WRIGHT-PATTERSON AIR FORCE BASE, Ohio -- An innovative effort at the Landing Gear Test Facility at Wright-Patterson Air Force Base, Ohio, aims to improve the way the Air Force evaluates the impact of runway friction on aircraft tire wear.
Air Force Materiel Command allocated more than $4.6 million in Squadron Innovation Funds in fiscal year 2018, with $23,000 augmenting the 3D Runway Surface Scanning and Surface Re-Creation at the LGTF.
This effort has been in the works for many years, explained Scott Wacker, 704th Test Group Aerospace Survivability and Safety Office flight chief.
“The 704 TG Aerospace Survivability and Safety Office at Wright-Patterson (AFB) has spent over a decade at the Landing Gear Test Facility developing advanced test methods that allow the evaluation of aircraft tire and runway friction interaction and tire wear,” Wacker said. “This effort has focused on developing innovative technologies and processes to more accurately simulate real-world tire performance in the test facility. At the heart of this work is the 168-inch internal drum dynamometer, which is a world-unique test machine developed and commissioned in 1998 for the purpose of aircraft tire wear testing.”
The 168-inch internal drum dynamometer, or 168i, operates at speeds up to 350 mph, with loads of up to 150,000 pounds, plus or minus 20 degrees of yaw, plus or minus 10 degrees of camber and can provide variable levels of brake torque.
“All of these aspects can be dynamically programmed to replicate aircraft ground operations,” said Jonathan Childress, the test manager overseeing the 3D Runway Surface Scanning and Surface Re-Creation project. “Also, the tire footprint pressure on the internal drum dynamometer more closely resembles tire footprint pressure on a flat surface than it does on an external dynamometer.”
In the early years of the 168i, tire testing was limited to comparative wear testing. This was accomplished by lining the interior of the 168i drum with grit paper and performing various rolling tests. Tire-wear testing on the grit paper was unrepresentative of the wear experienced in the field and was incapable of providing data on ground handling characteristics.
The 704 TG/OL-AC LGTF team has since developed the capability to clone Air Force concrete runways and line the interior of the 168i with the replicated runway surface. Although the process is time-consuming and costly, runway surface replication is an instrumental capability that makes possible ground handling evaluation and tire-life predictive testing, known as Missionized Wear Testing.
The development of these new test capabilities has provided the Air Force and Department of Defense with a method to evaluate aircraft tire performance prior to mass producing and fielding tires, which translates to improved safety-of-flight and greatly reduced acquisition and logistics costs.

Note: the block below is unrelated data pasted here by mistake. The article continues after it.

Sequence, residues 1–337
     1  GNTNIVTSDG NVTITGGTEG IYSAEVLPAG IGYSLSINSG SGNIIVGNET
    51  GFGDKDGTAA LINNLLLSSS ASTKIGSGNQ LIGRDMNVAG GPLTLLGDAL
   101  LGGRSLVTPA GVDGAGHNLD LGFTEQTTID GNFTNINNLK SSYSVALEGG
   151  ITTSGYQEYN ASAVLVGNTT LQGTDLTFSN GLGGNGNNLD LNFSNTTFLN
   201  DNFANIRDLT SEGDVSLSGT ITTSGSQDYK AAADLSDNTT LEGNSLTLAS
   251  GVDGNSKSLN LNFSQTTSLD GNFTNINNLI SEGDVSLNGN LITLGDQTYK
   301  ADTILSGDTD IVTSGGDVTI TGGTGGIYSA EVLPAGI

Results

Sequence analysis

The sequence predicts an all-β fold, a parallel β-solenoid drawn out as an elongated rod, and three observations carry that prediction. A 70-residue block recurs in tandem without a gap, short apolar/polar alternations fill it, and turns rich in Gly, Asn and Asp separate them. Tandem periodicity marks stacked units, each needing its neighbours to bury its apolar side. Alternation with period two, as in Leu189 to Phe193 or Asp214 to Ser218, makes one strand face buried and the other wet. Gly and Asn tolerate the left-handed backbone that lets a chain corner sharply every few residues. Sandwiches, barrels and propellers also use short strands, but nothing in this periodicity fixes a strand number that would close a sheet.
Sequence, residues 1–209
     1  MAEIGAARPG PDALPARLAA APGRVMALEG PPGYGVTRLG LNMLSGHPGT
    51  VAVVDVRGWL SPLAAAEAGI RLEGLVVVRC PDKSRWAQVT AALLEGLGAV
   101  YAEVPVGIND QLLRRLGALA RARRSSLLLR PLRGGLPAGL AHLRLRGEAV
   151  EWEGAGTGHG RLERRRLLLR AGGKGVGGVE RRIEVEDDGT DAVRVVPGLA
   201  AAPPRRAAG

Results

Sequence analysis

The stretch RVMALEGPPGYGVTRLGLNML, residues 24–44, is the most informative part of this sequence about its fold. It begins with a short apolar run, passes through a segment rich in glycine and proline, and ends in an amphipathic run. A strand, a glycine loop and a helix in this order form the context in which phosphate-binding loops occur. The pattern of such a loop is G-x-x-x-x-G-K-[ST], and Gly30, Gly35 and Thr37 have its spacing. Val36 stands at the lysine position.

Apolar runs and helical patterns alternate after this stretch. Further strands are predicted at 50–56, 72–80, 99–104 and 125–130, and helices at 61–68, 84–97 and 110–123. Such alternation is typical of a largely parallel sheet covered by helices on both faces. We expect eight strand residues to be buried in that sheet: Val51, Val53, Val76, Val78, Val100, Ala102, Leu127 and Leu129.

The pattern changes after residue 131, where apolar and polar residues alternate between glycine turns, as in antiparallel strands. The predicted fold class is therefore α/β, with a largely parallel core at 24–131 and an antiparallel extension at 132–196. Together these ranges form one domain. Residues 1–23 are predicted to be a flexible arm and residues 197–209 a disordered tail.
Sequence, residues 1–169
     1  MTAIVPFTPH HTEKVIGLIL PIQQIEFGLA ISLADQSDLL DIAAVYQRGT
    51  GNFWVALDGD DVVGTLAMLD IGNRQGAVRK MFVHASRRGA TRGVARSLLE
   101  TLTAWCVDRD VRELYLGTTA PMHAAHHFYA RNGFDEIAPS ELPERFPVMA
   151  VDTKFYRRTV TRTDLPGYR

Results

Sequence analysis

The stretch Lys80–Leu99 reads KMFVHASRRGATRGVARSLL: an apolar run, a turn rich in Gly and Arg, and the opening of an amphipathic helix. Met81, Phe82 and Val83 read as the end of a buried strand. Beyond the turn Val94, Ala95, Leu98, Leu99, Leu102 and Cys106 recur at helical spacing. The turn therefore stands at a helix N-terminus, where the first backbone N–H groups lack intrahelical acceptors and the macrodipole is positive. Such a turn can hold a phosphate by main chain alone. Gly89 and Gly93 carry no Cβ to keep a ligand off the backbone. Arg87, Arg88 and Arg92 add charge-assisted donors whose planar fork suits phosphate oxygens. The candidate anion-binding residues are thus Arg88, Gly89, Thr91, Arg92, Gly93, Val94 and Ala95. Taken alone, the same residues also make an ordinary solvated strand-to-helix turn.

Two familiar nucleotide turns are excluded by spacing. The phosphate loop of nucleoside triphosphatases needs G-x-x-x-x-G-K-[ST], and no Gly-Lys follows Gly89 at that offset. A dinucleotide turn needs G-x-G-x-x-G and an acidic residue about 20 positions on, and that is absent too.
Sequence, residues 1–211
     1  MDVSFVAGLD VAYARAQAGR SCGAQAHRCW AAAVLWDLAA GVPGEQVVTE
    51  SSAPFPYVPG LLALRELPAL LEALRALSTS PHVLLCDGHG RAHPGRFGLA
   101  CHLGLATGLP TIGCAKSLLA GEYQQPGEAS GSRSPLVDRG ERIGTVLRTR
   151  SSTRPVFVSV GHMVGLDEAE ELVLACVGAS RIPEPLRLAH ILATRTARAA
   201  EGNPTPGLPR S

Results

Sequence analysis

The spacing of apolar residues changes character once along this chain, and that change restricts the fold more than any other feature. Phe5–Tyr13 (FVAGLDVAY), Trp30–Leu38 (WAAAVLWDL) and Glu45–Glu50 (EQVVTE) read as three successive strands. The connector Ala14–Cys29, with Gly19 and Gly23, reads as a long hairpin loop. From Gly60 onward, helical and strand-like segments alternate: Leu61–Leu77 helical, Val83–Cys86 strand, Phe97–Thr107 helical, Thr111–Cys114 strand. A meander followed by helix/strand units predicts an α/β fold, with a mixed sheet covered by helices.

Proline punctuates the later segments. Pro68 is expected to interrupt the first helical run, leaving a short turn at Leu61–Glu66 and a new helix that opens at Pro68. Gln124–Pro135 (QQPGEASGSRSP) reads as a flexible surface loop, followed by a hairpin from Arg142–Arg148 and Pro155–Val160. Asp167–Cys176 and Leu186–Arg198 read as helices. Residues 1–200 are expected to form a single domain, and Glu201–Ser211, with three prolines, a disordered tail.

“Until recently, little thought was given to the runway surface’s influence on aircraft tire wear and ground handling characteristics. It was understood that replicating the runway surface on the 168i was critical for accurate testing. However, the extent of the influence the surface characteristics had was not well known," Childress said.
“While working with the Navy on an aircraft ground handling test program, the 704 TG/OL-AC was made aware of a Navy Program to develop a 3D laser scanning device for use on aircraft carrier deck surfaces. After discussing the capabilities of the carrier deck scanner with a Navy support contractor, a demonstration was arranged during one of the team’s field investigations to an Air Force runway. The prototype showed promising results when testing on a concrete runway and it was clear that a little innovation could provide a very useful tool for the U.S. Air Force,” he said.
With some modification, it’s anticipated that the specialized laser scanning technology will provide a consistent method for acquiring high fidelity 3D topology maps of concrete runway surfaces. Customized post-processing software algorithms will generate parameters for important characteristics of the runway surface texture that relate to tire ground handling performance and tire wear.
According to Childress, the 704 TG/OL-AC plans to couple these parameters with tire testing performed on replicated runway surfaces in its 168i, and correlate these surface properties to friction properties and tire wear.
“In time, a digital library of every (Air Force) runway could be acquired and analyzed to offer important insight into aircraft ground operations and tire life,” he said. “The Air Force Civil Engineering Center has expressed interest in this technology as well and could potentially use the information gained from this technology to drive decisions about runway design, maintenance and repair.”
The 704 TG/OL-AC is also leading a Phase I Small Business Innovation Research program to develop the capability for additive manufacturing of replicated landing surfaces for the 168i.
“If this technology is successful, the scans acquired from the 3D white light runway scanner could be directly used as inputs for the AM (additive manufacturing) process,” Childress said. “Using a digital library of Air Force runway surfaces, test surfaces for the 168i could be created in-house leading to reduced lead time, cheaper procurement and greater control of quality."